Working Remotely For A US Company: Myth-Busting Misconceptions

Updated: Feb 5

Whether you are a full-time employee or an independent contractor, these are the ins and outs of signing up with an American company as a non-US resident.

It's no secret that the United States is one of the biggest remote work hubs in the world, being home to thousands of remote-first companies. Recent statistics gathered by Flexjobs showed that out of 669 CEO's across the country, 78% agreed that remote work is here to stay long-term.


For remote work hopefuls outside of the US, this boom can also pose a unique challenge. Some of the most exciting remote jobs seem to stem from America, but working for one is often location-restricted. Companies willing to open their listings across world borders have challenges of their own - how do tax and benefits work for a non-US employee?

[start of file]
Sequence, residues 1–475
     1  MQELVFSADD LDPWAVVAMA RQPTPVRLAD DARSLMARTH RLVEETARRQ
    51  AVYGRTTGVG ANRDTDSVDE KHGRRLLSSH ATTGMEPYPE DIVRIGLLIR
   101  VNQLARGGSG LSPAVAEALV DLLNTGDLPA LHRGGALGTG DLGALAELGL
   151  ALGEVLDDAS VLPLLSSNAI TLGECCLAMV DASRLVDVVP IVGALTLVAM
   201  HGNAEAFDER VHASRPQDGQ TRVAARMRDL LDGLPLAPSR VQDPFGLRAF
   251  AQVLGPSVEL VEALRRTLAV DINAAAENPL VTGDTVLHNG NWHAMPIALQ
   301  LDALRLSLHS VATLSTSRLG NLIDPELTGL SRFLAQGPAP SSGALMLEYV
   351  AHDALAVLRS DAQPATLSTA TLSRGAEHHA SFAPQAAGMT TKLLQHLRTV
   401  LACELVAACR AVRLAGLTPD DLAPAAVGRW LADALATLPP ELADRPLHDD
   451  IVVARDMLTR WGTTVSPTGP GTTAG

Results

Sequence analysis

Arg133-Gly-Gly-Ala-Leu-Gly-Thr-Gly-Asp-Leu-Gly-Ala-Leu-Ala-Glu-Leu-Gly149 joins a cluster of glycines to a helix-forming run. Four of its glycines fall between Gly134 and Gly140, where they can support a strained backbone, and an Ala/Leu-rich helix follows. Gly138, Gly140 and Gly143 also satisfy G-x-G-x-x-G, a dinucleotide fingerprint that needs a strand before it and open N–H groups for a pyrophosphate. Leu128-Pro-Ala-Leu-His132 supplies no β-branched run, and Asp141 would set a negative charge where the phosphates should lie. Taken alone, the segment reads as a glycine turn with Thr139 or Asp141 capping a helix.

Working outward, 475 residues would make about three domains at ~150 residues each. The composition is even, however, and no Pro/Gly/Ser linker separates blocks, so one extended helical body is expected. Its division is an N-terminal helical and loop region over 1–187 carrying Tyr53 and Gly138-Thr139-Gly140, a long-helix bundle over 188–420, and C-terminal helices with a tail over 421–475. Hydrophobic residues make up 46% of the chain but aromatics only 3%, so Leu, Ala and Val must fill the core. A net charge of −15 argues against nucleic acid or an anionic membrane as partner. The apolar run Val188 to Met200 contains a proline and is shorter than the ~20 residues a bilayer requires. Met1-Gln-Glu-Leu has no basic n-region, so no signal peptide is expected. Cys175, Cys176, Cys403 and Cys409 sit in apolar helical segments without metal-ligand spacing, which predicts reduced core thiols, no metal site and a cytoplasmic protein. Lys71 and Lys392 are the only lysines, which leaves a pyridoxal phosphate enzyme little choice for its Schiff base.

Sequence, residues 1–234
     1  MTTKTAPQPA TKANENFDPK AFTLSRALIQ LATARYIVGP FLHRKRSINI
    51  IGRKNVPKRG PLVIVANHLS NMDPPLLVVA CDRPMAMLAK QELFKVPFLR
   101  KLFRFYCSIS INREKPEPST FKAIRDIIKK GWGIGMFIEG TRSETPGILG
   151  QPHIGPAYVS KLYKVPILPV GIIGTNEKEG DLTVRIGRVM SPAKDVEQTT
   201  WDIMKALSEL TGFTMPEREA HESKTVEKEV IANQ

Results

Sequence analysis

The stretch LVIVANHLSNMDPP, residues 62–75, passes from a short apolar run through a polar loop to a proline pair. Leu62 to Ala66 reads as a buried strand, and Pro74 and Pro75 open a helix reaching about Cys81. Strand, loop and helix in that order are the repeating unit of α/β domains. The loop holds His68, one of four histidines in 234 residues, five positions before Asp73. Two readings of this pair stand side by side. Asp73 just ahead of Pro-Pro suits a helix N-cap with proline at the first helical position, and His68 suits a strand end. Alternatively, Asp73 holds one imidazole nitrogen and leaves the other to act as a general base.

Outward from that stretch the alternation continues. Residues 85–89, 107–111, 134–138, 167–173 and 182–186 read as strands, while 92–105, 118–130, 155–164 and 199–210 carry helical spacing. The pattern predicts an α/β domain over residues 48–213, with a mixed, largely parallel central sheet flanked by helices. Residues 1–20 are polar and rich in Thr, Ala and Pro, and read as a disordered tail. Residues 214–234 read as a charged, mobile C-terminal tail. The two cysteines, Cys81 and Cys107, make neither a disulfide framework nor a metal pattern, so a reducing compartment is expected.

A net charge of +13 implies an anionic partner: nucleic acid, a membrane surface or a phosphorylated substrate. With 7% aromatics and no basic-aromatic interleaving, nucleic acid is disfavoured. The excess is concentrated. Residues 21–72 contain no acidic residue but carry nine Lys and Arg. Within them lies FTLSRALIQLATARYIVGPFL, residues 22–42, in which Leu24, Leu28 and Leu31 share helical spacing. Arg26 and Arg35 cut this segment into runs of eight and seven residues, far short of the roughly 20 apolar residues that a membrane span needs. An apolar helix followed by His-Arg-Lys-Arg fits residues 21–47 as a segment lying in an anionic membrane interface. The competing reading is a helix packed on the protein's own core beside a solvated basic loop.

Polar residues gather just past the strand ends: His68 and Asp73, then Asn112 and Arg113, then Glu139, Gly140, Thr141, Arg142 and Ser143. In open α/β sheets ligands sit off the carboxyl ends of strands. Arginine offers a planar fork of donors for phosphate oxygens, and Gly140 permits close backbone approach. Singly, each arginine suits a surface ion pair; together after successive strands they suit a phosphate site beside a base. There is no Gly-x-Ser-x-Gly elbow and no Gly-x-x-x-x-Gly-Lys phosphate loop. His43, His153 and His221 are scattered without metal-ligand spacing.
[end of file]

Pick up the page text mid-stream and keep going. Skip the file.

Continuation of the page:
We've put together answers to all the top questions about working remotely for a US company, and how American companies can confidently move forward with the global talent pool when hiring online.


Working For An American Company: Visa Or No Visa?


One of the common misconceptions associated with working remotely for a US company is that it's not possible without some sort of formal visa requirement being met first. This is something that is commonly believed not just by candidates, but by employers too.


Let's take a look at the real facts in this handy infographic:

The US Department of Labor's regulations regarding hiring for companies does not restrict companies from hiring outside of US American borders. This means that American companies that are interested in the idea of hiring remote workers overseas do not have to withhold any estimated taxes, and the wages do not have to be reported to the IRS either.


How Will The Contract Work?